MIT Develops Powerful Artificial Muscles

MIT Develops Powerful Artificial Muscles


Creating artificial muscles for robots, prosthetic limbs or for biomedical applications in general is something scientists have been working on for years. They have approached the problem in a number of different ways and employed the use of hydraulic systems, servo motors, polymers and shape-memory metals.

While they all registered some sort of success, they also came with certain limitations that made using them a little troublesome, such as weight and quite slow response times.

MIT postdoc Mehmet Kanit and MIT graduate student Sirma Örgüç, alongside professors Polina Anikeeva, Yoel Fink, Anantha Chandrakasan, and C. Cem Taşan approached the problem differently and chose to work on creating a fiber-based system that would not have any of the shortcomings of its predecessors. 

With that idea in mind, the team decided to work with polymers. They bonded two different polymers together that expanded differently when heated, which meant that, the polymer that is expanding faster when it gets warm is held back by the other, who doesn’t. This causes the material to curl and bend towards the side that expands at a slower rate. 

By bonding these polymers, the team created a fiber that can stretch at several times its initial length and subsequently curls into a coil. They also found out that when the coil tightens up, it produces a very strong pulling force – that actually came as a bit of a surprise to the researchers and they tested it again and again, eventually reaching the conclusion that, even after contracting and expanding for 10,000 times, the fiber was still just as strong.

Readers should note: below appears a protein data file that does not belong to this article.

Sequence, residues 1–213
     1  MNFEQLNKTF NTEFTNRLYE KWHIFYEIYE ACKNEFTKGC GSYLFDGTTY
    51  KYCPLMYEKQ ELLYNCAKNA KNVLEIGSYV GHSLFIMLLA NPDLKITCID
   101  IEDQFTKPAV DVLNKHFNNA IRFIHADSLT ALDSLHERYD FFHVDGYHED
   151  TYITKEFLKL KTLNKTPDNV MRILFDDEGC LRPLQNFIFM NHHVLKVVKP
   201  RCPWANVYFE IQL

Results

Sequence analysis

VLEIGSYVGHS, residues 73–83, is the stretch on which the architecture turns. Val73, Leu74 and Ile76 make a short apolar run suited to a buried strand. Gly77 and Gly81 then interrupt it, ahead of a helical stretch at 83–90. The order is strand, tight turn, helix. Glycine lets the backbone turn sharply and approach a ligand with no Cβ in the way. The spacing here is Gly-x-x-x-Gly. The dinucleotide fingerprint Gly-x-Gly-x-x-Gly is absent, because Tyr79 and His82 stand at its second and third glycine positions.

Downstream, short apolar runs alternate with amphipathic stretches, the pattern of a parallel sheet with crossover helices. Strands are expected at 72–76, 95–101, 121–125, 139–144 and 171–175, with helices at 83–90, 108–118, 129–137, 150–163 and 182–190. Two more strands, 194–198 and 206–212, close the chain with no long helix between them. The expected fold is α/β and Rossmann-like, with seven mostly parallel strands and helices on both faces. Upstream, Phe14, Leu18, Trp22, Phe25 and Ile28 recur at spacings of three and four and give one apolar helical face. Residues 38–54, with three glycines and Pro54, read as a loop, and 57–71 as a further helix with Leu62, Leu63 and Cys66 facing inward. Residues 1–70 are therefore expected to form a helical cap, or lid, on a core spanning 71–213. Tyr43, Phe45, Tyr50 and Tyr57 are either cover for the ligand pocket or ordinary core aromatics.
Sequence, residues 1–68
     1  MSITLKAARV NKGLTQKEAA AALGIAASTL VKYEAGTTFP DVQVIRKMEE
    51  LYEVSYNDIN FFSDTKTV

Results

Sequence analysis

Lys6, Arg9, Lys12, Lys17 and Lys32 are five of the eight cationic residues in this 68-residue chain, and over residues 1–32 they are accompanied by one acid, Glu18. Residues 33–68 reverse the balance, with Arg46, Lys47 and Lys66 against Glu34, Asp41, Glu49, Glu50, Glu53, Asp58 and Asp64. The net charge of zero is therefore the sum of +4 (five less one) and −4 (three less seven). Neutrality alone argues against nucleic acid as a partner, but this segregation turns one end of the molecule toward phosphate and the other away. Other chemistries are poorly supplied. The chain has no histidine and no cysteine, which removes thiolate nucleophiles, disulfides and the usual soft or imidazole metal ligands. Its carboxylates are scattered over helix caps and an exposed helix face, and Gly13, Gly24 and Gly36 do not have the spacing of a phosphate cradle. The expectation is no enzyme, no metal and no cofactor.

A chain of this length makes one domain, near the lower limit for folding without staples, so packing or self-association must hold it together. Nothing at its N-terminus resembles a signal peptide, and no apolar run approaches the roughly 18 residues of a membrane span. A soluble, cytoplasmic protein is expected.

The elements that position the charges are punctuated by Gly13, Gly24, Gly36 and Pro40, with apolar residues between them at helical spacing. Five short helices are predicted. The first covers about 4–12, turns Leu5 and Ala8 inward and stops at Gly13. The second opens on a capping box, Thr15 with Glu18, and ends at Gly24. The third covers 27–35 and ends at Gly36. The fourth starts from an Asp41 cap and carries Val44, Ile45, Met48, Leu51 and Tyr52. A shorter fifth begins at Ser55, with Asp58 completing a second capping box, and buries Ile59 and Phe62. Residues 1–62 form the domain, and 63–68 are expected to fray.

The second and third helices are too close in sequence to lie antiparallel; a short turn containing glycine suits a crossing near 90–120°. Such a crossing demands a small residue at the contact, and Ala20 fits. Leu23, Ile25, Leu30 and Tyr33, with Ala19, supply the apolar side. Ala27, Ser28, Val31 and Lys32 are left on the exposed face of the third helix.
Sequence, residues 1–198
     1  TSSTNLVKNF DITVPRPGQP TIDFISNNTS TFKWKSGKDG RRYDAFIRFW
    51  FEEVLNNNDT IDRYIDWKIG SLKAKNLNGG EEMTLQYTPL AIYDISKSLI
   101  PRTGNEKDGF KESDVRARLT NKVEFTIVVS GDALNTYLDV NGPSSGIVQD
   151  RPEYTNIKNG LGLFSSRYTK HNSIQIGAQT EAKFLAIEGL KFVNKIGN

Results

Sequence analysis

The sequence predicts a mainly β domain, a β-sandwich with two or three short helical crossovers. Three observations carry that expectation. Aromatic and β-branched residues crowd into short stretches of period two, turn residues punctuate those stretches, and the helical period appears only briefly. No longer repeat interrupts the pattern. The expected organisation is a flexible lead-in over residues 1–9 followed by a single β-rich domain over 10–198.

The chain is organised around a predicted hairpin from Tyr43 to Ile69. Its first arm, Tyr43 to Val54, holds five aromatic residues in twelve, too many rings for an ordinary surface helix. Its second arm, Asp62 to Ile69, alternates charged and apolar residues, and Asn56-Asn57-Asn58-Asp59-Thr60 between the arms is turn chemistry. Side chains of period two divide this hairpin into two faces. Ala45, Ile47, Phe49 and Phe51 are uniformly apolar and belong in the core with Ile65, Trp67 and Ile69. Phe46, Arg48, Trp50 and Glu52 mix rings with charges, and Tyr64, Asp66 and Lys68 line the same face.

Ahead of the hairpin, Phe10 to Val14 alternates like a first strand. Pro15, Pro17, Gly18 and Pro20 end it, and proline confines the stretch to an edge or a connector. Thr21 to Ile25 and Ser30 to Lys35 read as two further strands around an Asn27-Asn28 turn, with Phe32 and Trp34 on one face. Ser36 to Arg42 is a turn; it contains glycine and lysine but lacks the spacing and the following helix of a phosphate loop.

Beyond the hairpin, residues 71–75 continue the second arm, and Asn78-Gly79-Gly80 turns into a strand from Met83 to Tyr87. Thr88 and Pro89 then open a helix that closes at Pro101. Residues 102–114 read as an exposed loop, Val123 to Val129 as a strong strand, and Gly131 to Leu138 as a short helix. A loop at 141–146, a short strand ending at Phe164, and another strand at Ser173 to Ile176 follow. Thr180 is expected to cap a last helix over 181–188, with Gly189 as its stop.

The fibers can also be ‘fine-tuned’ so to speak, to only allow a certain amount of force to be exerted with the right amount of temperature change to trigger it. 

Further testing showed that the fiber can lift up to 650 times its own weight which is great news for prosthetics, for example, as some of them can be as heavy as 30 pounds. Most of that weight is the result of the actuators used, which are, more often than not, pneumatic or hydraulic. 

If these fibers could be adjusted and fitted onto prosthetics as actuators, it would decrease their weight considerably while also maintaining the initial strength, if not even actually increasing it. In addition that, the response time would most likely also be shortened. 

According to Kanik, the ways in which the fibers can be used are limitless. For the time being, the fibers are still considered prototypes, but the potential is definitely there. 

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